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ODA certification provides snapshot of Oregon ag exports
2/6/2013

Asia is still the top export destination, based on ODA inspection & certification



It may not be the final word on where Oregon agricultural commodities are being exported, but phytosanitary certificates written by inspectors with the Oregon Department of Agriculture give a good idea of the state's top export markets and what is being sent to those markets. Data from 2012 confirms Asia as a major destination for Oregon agricultural products, but U.S. neighbors Mexico and Canada remain key export markets for a number of crops grown in Oregon.

"We don't look at everything that is exported from Oregon and not everything requires a phytosanitary certificate, but we do inspect nearly all of the fresh fruits and vegetables, tree nuts, and many other major agricultural commodities such as Christmas trees, nursery stock, and grass seed," says Jim Cramer, director of ODA’s Market Access and Certification Program Area. "These statistics are consistent with what we see from other available export numbers."

ODA inspectors examine a variety of field crops before issuing phytosanitary certificates that assure the commodity is clean of pests and diseases. Without the piece of paper with ODA's stamp of approval, there is no guarantee the commodity meets the export country's standards. The importance of timely inspection and certification is even more critical for highly perishable fresh fruits and vegetables.

“When you look at the amount of product that leaves Oregon destined for international markets and the fact that much of it has to travel with that certificate, it’s easy to see that ODA’s role is critical to helping Oregon agriculture be successful,” says Cramer.

About 40 percent of what is produced by Oregon agriculture heads to other countries. According to USDA’s Economic Research Service, total annual exports for Oregon agricultural commodities the past three years has averaged about $1.6 billion. In 2012, ODA inspectors– ranging from those working at various shipping point district office to Christmas tree inspectors– issued phytosanitary certificates enabling more than 2.3 billion pounds of fresh product to be shipped to other countries. The value of just the top 10 exported commodities alone exceeded $270 million last year. Based on that figure, combined with the value of other commodities, ODA’s service of inspection and providing phytosanitary certificates is responsible for an estimated 17 percent of the state’s agricultural exports.

Again, it is important to emphasize that many exported Oregon-grown crops do not require phytosanitary certificates. Some commodities may need one for certain countries of destination, but not others. ODA’s numbers are not intended to give the full export picture, especially since they don’t include processed agricultural goods. However, the statistics show some interesting trends.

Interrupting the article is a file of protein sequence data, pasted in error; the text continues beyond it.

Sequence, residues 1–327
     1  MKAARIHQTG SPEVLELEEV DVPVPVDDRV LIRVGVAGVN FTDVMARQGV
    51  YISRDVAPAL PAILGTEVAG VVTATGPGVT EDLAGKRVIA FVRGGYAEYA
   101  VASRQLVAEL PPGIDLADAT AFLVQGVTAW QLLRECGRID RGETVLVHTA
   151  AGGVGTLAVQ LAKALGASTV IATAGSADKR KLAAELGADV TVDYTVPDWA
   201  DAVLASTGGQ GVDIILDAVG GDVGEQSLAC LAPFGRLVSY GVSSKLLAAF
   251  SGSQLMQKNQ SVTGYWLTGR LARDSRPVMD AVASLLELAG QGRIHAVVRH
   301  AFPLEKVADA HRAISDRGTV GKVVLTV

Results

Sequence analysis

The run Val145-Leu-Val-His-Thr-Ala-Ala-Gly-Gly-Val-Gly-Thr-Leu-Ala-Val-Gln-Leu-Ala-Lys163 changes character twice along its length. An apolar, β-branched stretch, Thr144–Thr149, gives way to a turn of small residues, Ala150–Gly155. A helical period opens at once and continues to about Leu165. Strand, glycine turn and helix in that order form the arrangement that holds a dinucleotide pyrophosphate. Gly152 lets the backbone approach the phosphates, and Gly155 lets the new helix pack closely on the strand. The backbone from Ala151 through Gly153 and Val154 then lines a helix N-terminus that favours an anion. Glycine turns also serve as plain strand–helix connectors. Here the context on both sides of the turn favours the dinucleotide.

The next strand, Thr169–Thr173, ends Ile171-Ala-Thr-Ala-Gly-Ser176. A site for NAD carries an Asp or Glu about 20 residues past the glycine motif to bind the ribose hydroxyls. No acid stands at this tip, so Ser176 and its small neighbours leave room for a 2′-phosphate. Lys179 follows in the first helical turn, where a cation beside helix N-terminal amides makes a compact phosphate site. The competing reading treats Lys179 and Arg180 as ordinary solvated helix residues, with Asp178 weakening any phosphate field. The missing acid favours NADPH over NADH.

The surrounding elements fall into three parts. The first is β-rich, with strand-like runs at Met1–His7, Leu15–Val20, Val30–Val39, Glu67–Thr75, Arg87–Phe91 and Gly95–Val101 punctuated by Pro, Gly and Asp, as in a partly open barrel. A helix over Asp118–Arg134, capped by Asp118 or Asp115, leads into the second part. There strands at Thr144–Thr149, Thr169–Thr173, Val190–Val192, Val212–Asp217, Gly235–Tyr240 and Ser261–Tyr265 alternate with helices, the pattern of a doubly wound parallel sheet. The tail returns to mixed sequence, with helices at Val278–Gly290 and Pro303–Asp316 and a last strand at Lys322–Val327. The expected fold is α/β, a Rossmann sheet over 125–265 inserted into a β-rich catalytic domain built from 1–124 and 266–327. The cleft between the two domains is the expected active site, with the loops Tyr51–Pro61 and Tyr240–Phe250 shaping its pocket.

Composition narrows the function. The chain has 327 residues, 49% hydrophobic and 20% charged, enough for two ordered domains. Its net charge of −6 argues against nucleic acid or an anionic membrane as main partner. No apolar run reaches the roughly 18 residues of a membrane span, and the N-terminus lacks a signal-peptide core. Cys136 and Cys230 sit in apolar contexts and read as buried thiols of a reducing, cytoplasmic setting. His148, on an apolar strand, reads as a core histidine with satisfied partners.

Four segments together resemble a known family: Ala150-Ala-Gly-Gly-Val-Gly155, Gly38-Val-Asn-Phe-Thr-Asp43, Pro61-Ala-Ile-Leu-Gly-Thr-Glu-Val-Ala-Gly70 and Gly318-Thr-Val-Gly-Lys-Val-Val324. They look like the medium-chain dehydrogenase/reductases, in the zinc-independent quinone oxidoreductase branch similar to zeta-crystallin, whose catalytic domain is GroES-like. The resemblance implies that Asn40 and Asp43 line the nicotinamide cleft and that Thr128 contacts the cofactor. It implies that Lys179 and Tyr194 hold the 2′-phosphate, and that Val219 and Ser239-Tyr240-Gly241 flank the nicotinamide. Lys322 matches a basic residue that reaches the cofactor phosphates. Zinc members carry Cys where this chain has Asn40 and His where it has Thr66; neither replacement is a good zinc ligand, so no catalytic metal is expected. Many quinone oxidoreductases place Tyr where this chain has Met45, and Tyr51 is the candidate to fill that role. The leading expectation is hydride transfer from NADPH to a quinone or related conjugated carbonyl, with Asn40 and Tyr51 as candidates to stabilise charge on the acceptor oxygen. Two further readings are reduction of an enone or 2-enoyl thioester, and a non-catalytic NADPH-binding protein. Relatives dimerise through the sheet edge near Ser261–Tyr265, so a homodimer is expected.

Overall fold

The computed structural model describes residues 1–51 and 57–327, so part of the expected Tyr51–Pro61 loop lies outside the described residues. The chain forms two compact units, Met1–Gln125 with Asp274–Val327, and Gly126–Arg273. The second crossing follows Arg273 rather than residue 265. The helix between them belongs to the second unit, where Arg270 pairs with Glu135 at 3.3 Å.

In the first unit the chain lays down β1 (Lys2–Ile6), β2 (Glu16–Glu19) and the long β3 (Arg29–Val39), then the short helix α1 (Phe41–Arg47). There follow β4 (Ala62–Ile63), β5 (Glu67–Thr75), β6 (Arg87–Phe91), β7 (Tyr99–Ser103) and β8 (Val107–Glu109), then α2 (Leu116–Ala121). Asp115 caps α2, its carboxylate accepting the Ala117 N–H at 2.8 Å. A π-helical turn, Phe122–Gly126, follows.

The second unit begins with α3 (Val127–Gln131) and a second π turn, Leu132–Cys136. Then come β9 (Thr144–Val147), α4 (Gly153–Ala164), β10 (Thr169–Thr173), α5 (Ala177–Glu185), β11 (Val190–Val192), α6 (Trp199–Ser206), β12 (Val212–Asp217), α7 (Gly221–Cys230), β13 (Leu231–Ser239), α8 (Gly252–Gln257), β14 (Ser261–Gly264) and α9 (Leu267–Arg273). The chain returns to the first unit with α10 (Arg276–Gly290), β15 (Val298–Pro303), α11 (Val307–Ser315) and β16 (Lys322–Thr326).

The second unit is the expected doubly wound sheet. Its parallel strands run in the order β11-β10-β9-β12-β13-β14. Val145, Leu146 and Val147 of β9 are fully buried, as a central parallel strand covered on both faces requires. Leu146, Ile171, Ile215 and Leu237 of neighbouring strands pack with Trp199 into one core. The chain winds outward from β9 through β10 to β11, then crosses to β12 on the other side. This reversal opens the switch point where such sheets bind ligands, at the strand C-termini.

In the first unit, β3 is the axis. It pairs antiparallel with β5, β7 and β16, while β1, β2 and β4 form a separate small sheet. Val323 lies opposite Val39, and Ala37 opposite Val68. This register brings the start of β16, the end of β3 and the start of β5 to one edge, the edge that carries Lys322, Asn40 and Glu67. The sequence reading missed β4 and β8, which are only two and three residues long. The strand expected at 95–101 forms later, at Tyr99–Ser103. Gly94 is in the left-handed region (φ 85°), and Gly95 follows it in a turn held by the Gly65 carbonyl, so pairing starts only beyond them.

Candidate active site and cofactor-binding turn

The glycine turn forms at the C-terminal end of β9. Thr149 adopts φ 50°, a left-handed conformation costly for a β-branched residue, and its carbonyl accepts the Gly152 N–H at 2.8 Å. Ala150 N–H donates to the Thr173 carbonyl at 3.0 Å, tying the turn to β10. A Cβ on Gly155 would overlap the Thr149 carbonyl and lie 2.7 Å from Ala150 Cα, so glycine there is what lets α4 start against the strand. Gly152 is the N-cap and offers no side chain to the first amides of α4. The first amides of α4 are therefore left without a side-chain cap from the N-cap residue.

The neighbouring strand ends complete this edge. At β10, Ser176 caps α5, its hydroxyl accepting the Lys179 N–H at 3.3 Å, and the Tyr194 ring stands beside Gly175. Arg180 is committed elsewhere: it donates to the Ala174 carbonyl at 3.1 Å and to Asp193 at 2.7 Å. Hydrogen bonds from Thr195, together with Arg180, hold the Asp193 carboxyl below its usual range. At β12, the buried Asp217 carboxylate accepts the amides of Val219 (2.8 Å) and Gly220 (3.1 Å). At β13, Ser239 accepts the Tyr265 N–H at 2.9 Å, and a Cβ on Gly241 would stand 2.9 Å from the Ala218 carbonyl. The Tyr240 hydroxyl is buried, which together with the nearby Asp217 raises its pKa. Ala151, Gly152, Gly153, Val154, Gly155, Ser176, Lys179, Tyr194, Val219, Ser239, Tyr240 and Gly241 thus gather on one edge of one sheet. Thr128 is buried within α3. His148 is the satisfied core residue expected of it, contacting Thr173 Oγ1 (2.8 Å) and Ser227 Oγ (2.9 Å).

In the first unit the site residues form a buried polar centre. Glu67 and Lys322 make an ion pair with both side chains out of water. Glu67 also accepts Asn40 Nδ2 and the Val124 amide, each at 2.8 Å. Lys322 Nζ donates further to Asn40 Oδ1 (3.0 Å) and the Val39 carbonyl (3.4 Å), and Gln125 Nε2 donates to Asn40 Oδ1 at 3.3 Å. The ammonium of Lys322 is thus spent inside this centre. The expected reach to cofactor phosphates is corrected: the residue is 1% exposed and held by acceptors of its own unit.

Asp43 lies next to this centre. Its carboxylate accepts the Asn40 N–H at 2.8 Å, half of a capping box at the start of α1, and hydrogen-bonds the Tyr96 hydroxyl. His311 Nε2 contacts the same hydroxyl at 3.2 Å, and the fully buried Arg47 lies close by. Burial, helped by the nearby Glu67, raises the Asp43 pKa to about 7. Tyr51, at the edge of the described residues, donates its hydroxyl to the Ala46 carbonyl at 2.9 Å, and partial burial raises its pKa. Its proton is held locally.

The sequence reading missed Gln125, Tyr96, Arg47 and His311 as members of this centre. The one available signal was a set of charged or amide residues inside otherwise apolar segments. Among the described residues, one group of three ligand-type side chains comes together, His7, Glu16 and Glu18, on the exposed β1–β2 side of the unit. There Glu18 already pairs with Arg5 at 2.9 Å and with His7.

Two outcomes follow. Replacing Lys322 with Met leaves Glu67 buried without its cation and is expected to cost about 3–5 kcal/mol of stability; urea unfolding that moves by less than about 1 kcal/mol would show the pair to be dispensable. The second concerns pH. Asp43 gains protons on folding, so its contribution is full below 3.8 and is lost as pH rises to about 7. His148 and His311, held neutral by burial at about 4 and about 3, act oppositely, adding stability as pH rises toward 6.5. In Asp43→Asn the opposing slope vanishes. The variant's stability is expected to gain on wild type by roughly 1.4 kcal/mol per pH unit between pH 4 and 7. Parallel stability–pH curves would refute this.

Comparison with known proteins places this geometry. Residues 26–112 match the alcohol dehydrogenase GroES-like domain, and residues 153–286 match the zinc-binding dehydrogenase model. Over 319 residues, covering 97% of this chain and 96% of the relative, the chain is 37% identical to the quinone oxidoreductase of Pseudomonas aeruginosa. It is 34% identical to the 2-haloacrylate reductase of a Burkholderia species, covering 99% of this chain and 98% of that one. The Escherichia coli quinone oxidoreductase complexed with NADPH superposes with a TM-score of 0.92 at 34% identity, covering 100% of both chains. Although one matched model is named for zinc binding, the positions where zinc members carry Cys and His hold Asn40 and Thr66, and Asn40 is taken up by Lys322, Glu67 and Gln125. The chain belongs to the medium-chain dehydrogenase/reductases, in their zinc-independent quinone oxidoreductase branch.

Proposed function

“It’s no secret that Asia is a major market for us,” says Cramer. “Mexico and Canada remain very important, but the growth in those countries isn’t nearly as significant as what we see in Asia. In fact, more than half of the world’s population lives within a five hour plane ride from Hong Kong.”

A general estimation of Oregon’s top six export markets based on ODA data shows the Asian influence: (ranking based on 2012 farmgate value of products exported from Oregon to that country)

Hong Kong $44.0 m​​illion​
​Mexico ​$33.7 million
​Japan ​$28.9 million
​South Korea ​$27.9 m​​illion
​China ​$25.6 million
​Canada ​$14.6 million
 
Perched on top, Hong Kong is a unique market in that it acts as a gatekeeper of Oregon agricultural products to China and Southeast Asia. Hong Kong is not the ultimate consumer. The biggest impact on Hong Kong comes from Oregon hazelnuts, responsible for more than $43 million of last year’s total. Mexico receives a variety of commodities from Oregon, but gets a boost from being the state’s top customer for Christmas trees. Japan and South Korea remain steady export partners for Oregon. China is the fastest growing market for Oregon and no doubt receives product through Hong Kong, which is not reflected in ODA’s numbers. Canada’s standing would be higher, but ODA’s statistics don’t take into account the large volume of nursery products that are sent north or the relaxation of trade between the US and its neighbor, eliminating the need for phytosanitary certificates. Among the next group, Vietnam is emerging as a major export market and is expected to expand.

The top six Oregon export commodities requiring a phytosanitary certificate from ODA, based on farmgate value in 2012, is as follows:

​Grass seed ​$69.5 million
​​Hazelnuts ​$67.2 million
​Grass straw and hay​ ​$42.6 million
​Pears ​$30.9 million
​Cherries ​$21.3 million
​Christmas trees ​$13.6 million
 

China remains a major importer of Oregon grass seed, a crop that has rebounded from global recession. Hazelnuts, with a good price last year, remains near the top of the list. Grass straw and hay continues to provide forage for Asian countries. The straw is a good example of turning what was once considered a waste product in the field into something of value. Pears and cherries are two fresh fruits that find their way into a number of export markets. In particular, Oregon pears are popular in South America. Following the top six are high-volume staples such as potatoes and onions, along with the fastest growing of Oregon commodities– blueberries.

The snapshot of export activity provided by ODA phytosanitary certificates shows an active process that requires the work of ODA inspectors, who last year were responsible for about 2.3 billion pounds of product making it to the international marketplace.

For more information, contact Bruce Pokarney at (503) 986-4559.


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